More from FINRA on Social Media and Mobile Devices

More from FINRA on Social Media and Mobile Devices

In January 2010, FINRA issued Regulatory Notice 10-06 in an attempt to provide guidance on the application of FINRA rules governing communications with the public to social media sites. The guidance did not provide much that was new. Largely, FINRA pointed out that the existing communication and record-keeping rules applied. Too bad that the site did not allow you to take the steps needed to comply with the existing rules.

Apparently, the guidance raised enough questions that FINRA decided to provide some additional guidance. It is not intended to alter the principles or the guidance provided in Regulatory Notice 10-06. Anyone expecting something new or innovative will be disappointed.

Q1: Does determining whether a communication is subject to the recordkeeping requirements of SEA Rule 17a-4(b)(4) depend on whether an associated person uses a personal device or technology to make the communication?

A1: SEA Rule 17a-4(b)(4) requires a firm to retain records of communications that relate to its "business as such." Whether a particular communication is related to the business of the firm depends upon the facts and circumstances. This analysis does not depend upon the type of device or technology used to transmit the communication, nor does it depend upon whether it is a firm-issued or personal device of the individual; rather, the content of the communication is determinative. For instance, the requirement would apply if the electronic communication was received or sent by an associated person through a third-party's platform or system. A firm's policies and procedures must include training and education of its associated persons regarding the differences between business and nonbusiness communications and the measures required to ensure that any business communication made by associated persons is retained, retrievable and supervised.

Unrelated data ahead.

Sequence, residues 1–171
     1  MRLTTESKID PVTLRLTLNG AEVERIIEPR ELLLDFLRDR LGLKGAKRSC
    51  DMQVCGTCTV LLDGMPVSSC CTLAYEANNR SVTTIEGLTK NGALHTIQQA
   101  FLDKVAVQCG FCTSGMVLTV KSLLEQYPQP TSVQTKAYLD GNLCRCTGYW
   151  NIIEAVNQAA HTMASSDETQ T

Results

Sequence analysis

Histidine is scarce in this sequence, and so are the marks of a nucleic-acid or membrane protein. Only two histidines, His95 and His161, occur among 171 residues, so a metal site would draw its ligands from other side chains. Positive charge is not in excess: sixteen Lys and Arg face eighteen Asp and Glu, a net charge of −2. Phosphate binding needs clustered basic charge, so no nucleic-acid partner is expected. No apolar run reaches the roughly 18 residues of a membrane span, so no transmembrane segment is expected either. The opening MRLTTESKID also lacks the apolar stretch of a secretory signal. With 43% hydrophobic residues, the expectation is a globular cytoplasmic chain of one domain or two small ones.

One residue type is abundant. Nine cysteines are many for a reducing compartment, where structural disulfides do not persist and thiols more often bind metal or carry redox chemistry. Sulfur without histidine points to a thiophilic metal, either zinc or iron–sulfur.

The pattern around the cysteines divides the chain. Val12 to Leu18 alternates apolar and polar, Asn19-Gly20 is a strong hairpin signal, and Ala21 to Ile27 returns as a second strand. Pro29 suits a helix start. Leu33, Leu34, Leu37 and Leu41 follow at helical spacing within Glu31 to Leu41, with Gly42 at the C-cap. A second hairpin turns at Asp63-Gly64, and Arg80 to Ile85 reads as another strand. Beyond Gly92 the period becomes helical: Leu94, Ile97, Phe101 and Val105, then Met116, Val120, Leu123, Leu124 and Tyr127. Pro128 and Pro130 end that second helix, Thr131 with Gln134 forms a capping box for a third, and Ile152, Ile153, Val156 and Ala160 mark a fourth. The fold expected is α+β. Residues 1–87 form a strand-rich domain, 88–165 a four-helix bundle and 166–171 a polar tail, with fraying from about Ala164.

The FINRA rules came first and they are in place for a good reason. It's up to the firm to find a may to meet the compliance standards if they want to use third-party websites to publish information, communicate with the public, or communicate with clients.  If cloud providers want to take over company-hosted communications they need to but more effort into the record-keeping and compliance requirements of the business world.


For additional commentary on developments in compliance and ethics, visit Compliance Building, a blog hosted by Doug Cornelius.

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